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I am currently looking at a question requiring me to find a series expansion (about the point $x=0$) for the solution to the below second order ODE (Airy's equation):

$$ y'' - xy = 0 $$

I believe that I understand what this requires me to do, but I wish to make certain, so correct me if I am wrong:

By setting

$$ y = \sum_{n=0}^{\infty} a_n x^n = a_0 + a_1x + a_2x^2 + a_3x^3 + ... $$

which also gives us

$$ y'' = \sum_{n=2}^{\infty} n(n-1)a_nx^{n-2} = 2a_2 + 6a_3x + 12a_4x^2 + 20a_5x^3 + ... $$

and subbing these power series into the ODE gives us

$$ 2a_2 + 6a_3x + 12a_4x^2 + 20a_5x^3 + 30a_6x^4 + ... - a_0x - a_1x^2 - a_2x^3 - a_3x^4 + ... = 0 $$

And thus, setting $a_0 = a_0$ and $a_1 = a_1$ arbitrarily, we can express every other $a_n$ in terms of $a_0, a_1$, as follows:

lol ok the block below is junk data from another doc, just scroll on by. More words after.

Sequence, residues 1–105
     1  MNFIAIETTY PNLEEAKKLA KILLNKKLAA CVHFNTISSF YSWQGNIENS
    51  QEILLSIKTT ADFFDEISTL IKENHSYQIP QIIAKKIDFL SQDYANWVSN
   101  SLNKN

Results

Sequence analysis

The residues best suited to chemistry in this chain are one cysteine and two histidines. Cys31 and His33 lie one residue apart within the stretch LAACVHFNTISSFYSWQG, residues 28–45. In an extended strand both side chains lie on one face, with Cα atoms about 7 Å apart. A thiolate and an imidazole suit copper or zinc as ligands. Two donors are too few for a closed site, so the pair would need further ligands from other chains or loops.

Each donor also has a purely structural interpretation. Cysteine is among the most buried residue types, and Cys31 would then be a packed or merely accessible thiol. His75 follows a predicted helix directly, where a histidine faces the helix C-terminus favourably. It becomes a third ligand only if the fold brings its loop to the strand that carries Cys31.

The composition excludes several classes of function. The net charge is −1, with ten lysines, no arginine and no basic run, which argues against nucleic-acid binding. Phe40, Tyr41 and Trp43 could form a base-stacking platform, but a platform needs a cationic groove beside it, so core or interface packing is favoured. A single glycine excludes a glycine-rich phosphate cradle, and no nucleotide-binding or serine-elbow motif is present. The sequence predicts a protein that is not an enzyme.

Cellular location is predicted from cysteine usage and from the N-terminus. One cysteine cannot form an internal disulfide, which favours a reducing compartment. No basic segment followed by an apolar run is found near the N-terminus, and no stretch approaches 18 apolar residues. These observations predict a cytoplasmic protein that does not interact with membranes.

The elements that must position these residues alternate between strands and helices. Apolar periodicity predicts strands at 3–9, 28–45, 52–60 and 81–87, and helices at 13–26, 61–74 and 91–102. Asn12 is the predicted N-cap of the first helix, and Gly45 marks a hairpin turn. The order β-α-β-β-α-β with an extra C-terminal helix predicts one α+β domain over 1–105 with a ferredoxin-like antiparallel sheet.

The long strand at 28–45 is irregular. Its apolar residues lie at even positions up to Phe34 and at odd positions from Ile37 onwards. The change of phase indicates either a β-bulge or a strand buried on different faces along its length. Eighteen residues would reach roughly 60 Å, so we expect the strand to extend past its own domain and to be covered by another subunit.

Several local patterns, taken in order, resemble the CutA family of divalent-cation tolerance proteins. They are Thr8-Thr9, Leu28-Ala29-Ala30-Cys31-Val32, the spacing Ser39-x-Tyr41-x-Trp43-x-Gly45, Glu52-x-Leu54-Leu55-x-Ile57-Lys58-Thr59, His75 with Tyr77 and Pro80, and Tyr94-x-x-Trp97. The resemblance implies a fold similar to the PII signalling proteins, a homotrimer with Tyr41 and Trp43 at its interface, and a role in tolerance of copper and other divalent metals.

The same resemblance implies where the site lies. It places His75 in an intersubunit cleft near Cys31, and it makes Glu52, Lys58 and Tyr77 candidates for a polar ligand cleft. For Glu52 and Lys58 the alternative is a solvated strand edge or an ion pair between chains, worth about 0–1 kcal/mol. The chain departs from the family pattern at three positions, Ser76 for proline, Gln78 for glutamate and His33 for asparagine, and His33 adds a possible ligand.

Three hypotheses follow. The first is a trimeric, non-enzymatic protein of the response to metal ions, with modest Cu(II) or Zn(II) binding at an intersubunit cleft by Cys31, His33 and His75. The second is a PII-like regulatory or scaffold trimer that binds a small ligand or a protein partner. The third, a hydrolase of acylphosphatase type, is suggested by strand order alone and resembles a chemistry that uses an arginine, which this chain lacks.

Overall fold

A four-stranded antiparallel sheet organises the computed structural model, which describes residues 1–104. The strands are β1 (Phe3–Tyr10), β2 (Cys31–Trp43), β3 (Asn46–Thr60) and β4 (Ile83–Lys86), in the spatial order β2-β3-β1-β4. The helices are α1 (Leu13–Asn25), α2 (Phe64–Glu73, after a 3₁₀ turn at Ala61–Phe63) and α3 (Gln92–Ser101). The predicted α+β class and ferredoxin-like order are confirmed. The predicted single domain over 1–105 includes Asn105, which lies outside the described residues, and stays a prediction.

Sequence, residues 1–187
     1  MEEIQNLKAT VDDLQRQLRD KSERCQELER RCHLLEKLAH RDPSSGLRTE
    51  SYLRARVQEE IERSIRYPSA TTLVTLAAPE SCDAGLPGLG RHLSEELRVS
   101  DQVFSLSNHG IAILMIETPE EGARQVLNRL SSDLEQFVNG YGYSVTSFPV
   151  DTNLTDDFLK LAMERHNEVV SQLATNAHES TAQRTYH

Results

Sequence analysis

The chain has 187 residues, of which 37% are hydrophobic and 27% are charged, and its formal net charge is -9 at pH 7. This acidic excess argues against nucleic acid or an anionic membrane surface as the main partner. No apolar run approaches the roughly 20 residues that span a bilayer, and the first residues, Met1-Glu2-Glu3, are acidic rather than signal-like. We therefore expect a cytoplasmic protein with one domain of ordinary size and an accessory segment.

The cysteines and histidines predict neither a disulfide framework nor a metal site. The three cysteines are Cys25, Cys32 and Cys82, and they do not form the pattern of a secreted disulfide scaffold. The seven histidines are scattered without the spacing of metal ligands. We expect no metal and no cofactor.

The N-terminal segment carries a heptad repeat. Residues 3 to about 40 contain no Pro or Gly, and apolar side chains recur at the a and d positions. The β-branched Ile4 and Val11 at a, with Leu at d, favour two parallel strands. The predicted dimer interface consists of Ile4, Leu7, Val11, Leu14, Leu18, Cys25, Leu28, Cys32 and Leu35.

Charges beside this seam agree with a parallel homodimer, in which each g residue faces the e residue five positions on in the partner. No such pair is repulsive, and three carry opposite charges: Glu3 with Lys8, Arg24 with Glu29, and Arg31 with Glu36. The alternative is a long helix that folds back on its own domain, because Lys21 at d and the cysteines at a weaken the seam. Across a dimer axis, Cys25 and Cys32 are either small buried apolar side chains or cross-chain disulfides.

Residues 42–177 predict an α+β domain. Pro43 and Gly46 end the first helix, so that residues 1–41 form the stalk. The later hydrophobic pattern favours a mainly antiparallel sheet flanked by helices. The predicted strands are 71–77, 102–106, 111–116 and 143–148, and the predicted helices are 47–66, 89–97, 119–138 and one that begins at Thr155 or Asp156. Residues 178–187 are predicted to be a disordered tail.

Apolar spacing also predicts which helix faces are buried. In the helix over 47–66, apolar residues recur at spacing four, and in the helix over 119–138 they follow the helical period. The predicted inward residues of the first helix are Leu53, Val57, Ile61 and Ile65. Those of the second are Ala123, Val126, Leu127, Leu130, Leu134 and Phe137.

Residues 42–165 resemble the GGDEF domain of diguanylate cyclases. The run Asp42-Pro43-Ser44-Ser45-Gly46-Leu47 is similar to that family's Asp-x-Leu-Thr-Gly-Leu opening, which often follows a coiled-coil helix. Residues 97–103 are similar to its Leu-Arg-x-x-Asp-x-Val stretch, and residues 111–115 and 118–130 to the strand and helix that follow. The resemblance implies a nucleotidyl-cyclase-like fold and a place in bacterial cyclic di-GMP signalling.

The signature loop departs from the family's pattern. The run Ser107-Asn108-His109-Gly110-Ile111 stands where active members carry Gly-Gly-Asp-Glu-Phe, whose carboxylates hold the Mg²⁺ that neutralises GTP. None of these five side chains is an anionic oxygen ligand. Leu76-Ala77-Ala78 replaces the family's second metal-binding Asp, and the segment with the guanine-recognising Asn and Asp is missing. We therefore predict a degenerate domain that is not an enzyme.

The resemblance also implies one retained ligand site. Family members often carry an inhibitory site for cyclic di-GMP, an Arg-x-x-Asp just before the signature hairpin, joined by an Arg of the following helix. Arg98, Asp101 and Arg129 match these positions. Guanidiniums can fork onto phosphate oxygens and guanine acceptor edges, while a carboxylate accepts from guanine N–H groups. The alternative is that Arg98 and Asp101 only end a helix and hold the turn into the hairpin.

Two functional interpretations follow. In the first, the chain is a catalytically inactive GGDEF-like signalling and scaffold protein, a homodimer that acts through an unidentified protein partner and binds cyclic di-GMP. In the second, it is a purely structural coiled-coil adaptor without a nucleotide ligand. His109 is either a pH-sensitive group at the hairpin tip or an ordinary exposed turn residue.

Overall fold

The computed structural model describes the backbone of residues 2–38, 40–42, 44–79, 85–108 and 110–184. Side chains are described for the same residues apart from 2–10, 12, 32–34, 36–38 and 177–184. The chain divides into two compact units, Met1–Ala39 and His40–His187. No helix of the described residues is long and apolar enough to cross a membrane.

$$ 2a_2 = 0 \Rightarrow a_2 = 0 \\ 6a_3 - a_0 = 0 \Rightarrow a_3 = \frac{a_0}{6} \\ 12a_4 - a_1 = 0 \Rightarrow a_4 = \frac{a_1}{12} \\ 20a_5 - a_2 = 0 \Rightarrow a_5 = \frac{a_2}{20} = 0\\ 30a_6 - a_3 = 0 \Rightarrow a_6 = \frac{a_3}{30} = \frac{a_0}{180} $$

And thus we can express the solution of the ODE in the form

$$ y = a_0 \left( x + \frac{x}{6} + \frac{x}{180} + \dots \right) + a_1 \left( x + \frac{x}{12} + \dots \right) $$

Am I correct in thinking that these are our series solutions, and the correct answer to the question?

If so, where have I satisfied the fact that the expansion should be about $x=0$?

Lastly, the question goes on to say "write the explicit form of the solutions $y_1, y_2$ such that the general solution of the ODE is $y = a_0 y_1 + a_1 y_2$. Is this not what we have already done in the above?

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    $\begingroup$ You assumed $y =\sum a_n(x-x_0)^n$, in which $x_0=0$, hence it is the taylor expansion evaluated at $x_0=0$. $\endgroup$ – MrYouMath Feb 6 '17 at 15:43

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